Skip to main content

The Work in the Middle

This past week, I got to share my spiritual journey with my Quaker meeting.

I’ve shared a written version of my journey before, here, at Quaker Pagan Reflections.  However, I’ve never attempted to describe my religious path in person before.  It took me a little while to figure out how I needed to approach it.

My invitation was one in a series of talks at Mt. Toby Meeting, and on the one hand, there was nothing unusual about it.  On the other hand, it seemed to me that sharing the story of how I have experienced the movement of Spirit in my life is a form of ministry… and I’m committed to the Friends’ idea that even a prepared message needs to rise from a spiritual prompting.

“Ministry” in a Quaker context is usually taken to mean vocal ministry: the messages given out of the silence of expectant waiting that forms the heart of a Quaker meeting.  The idea is not unlike the Wiccan practice of Drawing Down the Moon, though it differs dramatically that in most unprogrammed meetings, there is no one who has been designated in advance to carry that responsibility for the group.  Instead, each person centers down in worship, opening themselves to the Spirit that gathers us.  Sometimes, just the experience of being gathered is given to us.  That’s not a disappointment: often, those fully silent meetings are the deepest communions of all.  But more often, one or more people feel a nudge to speak a message that seems to come from somewhere not entirely within themselves.  After testing to see that the message is not from our own egos, we stand and share the words that come to us.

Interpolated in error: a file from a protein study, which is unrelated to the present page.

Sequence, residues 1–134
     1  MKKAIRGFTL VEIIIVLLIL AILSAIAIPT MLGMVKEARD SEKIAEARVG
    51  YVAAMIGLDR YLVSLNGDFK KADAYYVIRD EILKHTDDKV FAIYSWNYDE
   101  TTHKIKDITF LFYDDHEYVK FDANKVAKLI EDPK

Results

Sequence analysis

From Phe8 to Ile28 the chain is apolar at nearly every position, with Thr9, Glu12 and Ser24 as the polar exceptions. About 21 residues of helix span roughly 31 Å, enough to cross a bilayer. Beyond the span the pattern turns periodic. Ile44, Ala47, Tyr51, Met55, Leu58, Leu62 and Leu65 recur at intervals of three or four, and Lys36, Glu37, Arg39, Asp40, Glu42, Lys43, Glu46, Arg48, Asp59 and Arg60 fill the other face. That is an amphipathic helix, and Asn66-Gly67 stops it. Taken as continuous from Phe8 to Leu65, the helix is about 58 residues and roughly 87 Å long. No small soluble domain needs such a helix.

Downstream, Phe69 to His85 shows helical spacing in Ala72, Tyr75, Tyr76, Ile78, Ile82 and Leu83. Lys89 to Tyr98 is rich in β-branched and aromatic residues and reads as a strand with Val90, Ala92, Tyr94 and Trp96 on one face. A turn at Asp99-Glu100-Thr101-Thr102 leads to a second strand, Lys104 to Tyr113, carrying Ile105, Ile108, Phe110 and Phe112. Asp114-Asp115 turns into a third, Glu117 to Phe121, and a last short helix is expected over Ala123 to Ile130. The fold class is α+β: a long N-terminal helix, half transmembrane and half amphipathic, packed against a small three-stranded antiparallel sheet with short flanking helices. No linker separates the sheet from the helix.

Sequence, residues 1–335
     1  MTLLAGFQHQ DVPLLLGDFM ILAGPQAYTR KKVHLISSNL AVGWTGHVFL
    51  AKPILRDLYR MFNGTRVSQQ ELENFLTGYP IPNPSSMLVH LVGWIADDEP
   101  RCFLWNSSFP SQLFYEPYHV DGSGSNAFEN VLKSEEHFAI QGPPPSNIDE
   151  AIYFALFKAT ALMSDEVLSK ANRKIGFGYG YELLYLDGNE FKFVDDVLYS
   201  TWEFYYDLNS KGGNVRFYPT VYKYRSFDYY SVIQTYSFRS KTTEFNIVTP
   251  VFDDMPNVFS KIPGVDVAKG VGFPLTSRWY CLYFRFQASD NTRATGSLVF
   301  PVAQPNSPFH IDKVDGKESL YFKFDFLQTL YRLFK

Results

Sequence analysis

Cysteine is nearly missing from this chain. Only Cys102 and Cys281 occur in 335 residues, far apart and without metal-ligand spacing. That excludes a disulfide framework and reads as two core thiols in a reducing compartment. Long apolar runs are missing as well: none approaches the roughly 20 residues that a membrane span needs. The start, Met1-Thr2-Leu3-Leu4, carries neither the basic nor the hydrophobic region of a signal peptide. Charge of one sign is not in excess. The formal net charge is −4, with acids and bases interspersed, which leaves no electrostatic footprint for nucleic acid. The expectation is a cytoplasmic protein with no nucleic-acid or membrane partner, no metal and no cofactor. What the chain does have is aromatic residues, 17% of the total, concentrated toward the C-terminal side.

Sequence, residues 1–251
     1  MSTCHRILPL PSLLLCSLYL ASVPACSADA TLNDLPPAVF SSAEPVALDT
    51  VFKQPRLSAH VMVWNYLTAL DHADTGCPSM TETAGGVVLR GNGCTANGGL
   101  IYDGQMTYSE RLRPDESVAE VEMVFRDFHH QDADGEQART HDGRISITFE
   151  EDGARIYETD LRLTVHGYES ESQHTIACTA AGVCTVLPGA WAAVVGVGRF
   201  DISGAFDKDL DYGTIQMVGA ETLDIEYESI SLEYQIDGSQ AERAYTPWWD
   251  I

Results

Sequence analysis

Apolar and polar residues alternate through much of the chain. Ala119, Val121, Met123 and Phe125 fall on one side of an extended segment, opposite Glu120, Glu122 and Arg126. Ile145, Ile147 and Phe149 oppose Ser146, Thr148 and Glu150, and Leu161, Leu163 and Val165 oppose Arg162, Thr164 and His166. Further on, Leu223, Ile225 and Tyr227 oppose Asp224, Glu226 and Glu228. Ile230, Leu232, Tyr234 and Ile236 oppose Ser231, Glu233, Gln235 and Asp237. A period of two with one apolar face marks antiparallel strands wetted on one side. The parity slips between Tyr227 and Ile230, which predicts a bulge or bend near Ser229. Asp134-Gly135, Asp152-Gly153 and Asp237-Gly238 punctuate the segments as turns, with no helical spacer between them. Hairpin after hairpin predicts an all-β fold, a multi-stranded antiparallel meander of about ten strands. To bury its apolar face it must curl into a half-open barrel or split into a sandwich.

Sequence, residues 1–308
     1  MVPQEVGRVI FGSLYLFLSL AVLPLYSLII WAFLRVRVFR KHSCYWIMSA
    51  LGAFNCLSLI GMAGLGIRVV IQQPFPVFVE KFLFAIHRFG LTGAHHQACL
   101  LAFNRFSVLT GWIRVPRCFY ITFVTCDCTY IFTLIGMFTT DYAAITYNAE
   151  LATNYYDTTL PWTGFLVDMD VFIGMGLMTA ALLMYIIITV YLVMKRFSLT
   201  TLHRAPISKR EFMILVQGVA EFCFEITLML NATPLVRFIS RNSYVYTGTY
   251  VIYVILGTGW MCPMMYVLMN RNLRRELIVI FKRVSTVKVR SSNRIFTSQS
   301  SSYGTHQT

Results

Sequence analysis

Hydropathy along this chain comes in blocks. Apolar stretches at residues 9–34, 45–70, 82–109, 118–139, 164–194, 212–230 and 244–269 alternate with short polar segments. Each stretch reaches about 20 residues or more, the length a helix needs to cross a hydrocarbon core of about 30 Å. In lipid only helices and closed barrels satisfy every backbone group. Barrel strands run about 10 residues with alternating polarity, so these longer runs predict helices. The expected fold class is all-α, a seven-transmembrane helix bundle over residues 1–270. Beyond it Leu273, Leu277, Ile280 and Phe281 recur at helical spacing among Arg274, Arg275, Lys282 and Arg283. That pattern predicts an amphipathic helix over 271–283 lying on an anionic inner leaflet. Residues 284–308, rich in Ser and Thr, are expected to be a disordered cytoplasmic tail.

And there are also “prepared messages” which Quakers are sometimes asked to give, either in a pastoral meeting (yep–there are Quakers who have ministers!) or as a keynote speech or for some other occasion.  And here, too, though the minister may be working from an outline or from notes, they’ll be striving both as they prepare the message and as they share it to stay low and to stay open to the promptings of Spirit.  What is the message which that exact group of Friends gathered together, at that exact moment, is meant to hear? It’s important for the minister to allow herself to be surprised by new openings at any moment.

Sharing my spiritual journey with my own monthly meeting isn’t exactly the same as any of those forms of ministry.  But it felt close enough that it was important to me to stay in that place of openness.  I most definitely did not want to simply recite the outline of events I’ve written about before; that would have felt like a cheat.

Happily, I had very little time to prepare what I was going to say.  I didn’t even have time to review my journals or re-read my blog posts, because it was the last week of the school year.  All I had time to do was hold the event in my heart during my morning meditations, and to talk about it very briefly with my spiritual accountability group.

On the morning of the talk, I’d figured out that I would be focusing on my life as a Quaker-and-Pagan.  I knew that there was enough to talk about that I might not even get to discussing my life as a Quaker if I stuck with chronological order–so I didn’t.  I began by talking about becoming a Friend, and about what being a Quaker offers me that being a Pagan doesn’t, and about how I have been changed by Quaker life.